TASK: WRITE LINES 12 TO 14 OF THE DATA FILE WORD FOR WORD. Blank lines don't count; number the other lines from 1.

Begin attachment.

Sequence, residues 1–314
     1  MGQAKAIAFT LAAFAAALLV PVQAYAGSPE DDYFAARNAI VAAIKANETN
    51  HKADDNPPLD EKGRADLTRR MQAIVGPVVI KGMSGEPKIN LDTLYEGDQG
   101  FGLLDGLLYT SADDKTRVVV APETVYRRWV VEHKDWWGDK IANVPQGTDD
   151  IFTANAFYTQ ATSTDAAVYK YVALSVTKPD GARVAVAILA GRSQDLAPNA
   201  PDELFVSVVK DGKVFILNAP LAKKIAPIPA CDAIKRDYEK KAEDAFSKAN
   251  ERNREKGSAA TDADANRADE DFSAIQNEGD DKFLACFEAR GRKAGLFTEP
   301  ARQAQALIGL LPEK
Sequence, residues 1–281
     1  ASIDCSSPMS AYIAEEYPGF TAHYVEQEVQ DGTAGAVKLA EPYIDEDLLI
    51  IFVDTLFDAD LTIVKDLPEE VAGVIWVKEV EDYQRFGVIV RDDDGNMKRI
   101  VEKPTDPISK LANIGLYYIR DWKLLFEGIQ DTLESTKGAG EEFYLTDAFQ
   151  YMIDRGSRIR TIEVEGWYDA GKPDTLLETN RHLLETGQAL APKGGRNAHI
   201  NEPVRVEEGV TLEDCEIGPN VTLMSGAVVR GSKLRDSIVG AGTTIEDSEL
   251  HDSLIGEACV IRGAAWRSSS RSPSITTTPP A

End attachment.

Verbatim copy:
   101  VEKPTDPISK LANIGLYYIR DWKLLFEGIQ DTLESTKGAG EEFYLTDAFQ
   151  YMIDRGSRIR TIEVEGWYDA GKPDTLLETN RHLLETGQAL APKGGRNAHI
   201  NEPVRVEEGV TLEDCEIGPN VTLMSGAVVR GSKLRDSIVG AGTTIEDSEL